The City of Detroit: Getting Its Due If GM Leaves Ren Cen?

May 28, 2009

While it may not make much difference to the world where General Motors has its HQ, it's big news here in Detroit. Yesterday, Jim Fouts, the mayor of Warren, Michigan, said he was delivering a proposal to GM about moving their HQ from Detroit's hopefully-named Renaissance Center out to the suburb of Warren where GM has a huge design and technical center.

These tough times make companies do what heretofore seemed unthinkable, at least that's the common way of thinking about things. In actuality, automakers have left Detroit before.

The main reason has always been because of economics, but the underlying issue is that Detroit city government has proven that it is incapable of providing a functional, business-friendly environment. Decades of corrupt, abrasive, racial politics have alienated all but the most altruistic business leaders and private citizens. Men like Roger Penske are to be lauded for their unfailing support of the city.

Perhaps Detroit just has to totally implode before it will turn around? This is a pervasive line of thinking among many in Southeast Michigan's business community. The city government is so broken at every level that it may not be able to keep major employers such as General Motors. The city will move one step closer to a melt down if GM takes Warren's offer.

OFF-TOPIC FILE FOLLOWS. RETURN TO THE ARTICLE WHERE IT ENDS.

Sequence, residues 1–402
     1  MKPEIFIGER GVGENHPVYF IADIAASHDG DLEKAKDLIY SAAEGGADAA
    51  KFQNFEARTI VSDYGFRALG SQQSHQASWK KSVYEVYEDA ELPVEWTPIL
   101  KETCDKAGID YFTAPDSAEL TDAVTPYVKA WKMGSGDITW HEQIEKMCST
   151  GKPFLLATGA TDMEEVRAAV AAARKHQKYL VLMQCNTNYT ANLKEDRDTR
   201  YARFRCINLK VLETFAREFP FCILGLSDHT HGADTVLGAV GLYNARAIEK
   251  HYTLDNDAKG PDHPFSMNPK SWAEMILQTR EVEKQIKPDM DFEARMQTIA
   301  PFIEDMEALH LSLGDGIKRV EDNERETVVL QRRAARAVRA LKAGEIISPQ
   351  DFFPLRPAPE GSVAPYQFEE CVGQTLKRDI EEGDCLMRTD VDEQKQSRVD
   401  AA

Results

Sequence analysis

General Motors - Not The First To Leave Detroit Or Ren Cen

Henry Ford II lead the development of the Renaissance Center that had its official beginning in 1971. He worked with other major Detroit personalities and businesses to fund the $500 million project. It would take until 1977 before the cluster of buildings was fully up and running. Ford Motor Company and many of its advertising and merchandising agencies were among the first large-scale tenants.

As the administration of Detroit Mayor Colman Young incessantly made Detroit a more untenable place to live and do business, the Renaissance Center faltered. Mortgage defaults were common. Eventually, Ford Motor Company restructured, and moved out of the Ren Cen and back to the Ford family homestead in Dearborn, Michigan.

Not long after, Chrysler Corporation moved most of its main operations out of the city of Highland Park, an enclave totally surrounded by Detroit. Chrysler's new HQ is in Auburn Hills, where the Detroit Pistons play basketball at The Palace.

The City of Detroit will suffer if GM moves to Warren, but Warren won't prosper by the move. Plant closings have helped boost Warren's unemployment rate to 17.3 percent and further depress home values. The Warren Mayor was quick to point out in brief comments that his city is offering GM large tax breaks and that his city, unlike Detroit, has no income tax. GM workers still at the Ren Cen wouldn't mind a 4-percent raise with their move to Warren.

We'll keep you posted as to further happenings. Regardless of GM's decision, things are still going to get uglier in Detroit before they get better.

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